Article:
To examine the influence that the vagus nerve may have on ovarian development and on the timing of puberty, both anterior and posterior vagi were sectioned at the abdominal level in 24-day-old female rats. Abdominal vagotomy (AV) resulted in a marked delay in the onset of puberty, as measured by the age at vaginal opening and at first diestrus. No differences in circulating levels of LH, FSH, PRL, TSH or GH between control and vagotomized rats were observed between the time of AV and vaginal opening. Nevertheless, estradiol (E2) and progesterone (P) response to human chorionic gonadotropin (hCG) in vitro was profoundly depressed in ovaries of vagotomized rats. This decreased ovarian secretory activity was further reflected in vivo by a reduced ovarian weight and, more prominently, by a reduced uterine weight. Ovarian release of androgens, however, was increased in vagotomized rats suggesting an enhanced activity of the thecal-interstitial gland compartment of the ovary. The reduced E2 and P response to hCG could not be attributed to changes in hCG-LH or FSH receptor number. Likewise, the inhibitory effect of AV on the ovary was not due to changes in ovarian β-adrenergic receptor content. Cencentration of LHRH binding sites in granulosa cells was increased after AV. However, since LHRH receptor content decreases with ovarian maturation, this change may simply reflect delayed ovarian development rather than being the actual factor mediating the effect of AV. The delay in puberty induced by AV was not due to interference with nutrition of the animal, because at no age examined was the body weight of vagotomized rats different from that of controls. In addition, the effect of AV was not due to a decreased availability of cholesterol to the ovary, because levels of high- and low-density lipoproteins were normal in vagotomized rats. It is concluded hat AV delays the onset of puberty and depresses ovarian function by mechanisms which do not involve alterations in ovarian gonadotropin or β-adrenergic receptors, changes in serum levels of pituitary hormones or availability of precursors for steroid synthesis. The possibility arises that the vagal control of the ovary is, instead, exerted by peptidergic fibers known to be contained in the abdominal vagus.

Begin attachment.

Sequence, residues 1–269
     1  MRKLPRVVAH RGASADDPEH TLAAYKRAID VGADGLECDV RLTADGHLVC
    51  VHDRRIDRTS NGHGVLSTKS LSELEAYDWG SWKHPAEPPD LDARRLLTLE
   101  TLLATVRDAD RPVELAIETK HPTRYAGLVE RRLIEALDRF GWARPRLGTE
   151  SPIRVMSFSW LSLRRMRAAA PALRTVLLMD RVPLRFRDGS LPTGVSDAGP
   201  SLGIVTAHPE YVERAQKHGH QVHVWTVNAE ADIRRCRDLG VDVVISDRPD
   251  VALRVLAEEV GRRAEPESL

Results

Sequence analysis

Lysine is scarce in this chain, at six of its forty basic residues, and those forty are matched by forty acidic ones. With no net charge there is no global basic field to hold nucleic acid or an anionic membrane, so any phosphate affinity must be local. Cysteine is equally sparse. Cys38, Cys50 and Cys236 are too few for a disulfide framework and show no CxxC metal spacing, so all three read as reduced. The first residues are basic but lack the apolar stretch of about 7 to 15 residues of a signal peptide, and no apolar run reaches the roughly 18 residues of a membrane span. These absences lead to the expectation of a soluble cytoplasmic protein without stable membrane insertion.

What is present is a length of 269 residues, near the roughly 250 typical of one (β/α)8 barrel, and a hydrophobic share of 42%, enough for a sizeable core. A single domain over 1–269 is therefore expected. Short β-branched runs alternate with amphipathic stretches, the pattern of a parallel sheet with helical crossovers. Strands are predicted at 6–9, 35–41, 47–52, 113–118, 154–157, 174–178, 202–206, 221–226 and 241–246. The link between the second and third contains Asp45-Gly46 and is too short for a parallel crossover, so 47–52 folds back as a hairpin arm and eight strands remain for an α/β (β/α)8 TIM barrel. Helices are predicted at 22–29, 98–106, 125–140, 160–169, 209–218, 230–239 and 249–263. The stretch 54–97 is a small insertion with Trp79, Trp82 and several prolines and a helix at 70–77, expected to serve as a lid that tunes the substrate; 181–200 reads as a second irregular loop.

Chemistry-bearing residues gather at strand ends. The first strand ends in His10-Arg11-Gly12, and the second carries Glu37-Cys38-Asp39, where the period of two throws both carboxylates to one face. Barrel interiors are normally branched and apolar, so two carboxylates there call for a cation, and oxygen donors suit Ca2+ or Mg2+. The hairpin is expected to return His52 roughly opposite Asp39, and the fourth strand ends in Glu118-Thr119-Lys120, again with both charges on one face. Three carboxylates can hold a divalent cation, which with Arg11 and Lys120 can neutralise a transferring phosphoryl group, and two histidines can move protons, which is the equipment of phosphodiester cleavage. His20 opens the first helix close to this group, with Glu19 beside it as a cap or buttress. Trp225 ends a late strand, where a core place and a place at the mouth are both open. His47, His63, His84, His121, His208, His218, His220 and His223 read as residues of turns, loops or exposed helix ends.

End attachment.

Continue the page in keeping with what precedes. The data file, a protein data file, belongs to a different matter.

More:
ASJC Scopus subject areas
- Endocrinology, Diabetes and Metabolism
- Endocrine and Autonomic Systems
- Cellular and Molecular Neuroscience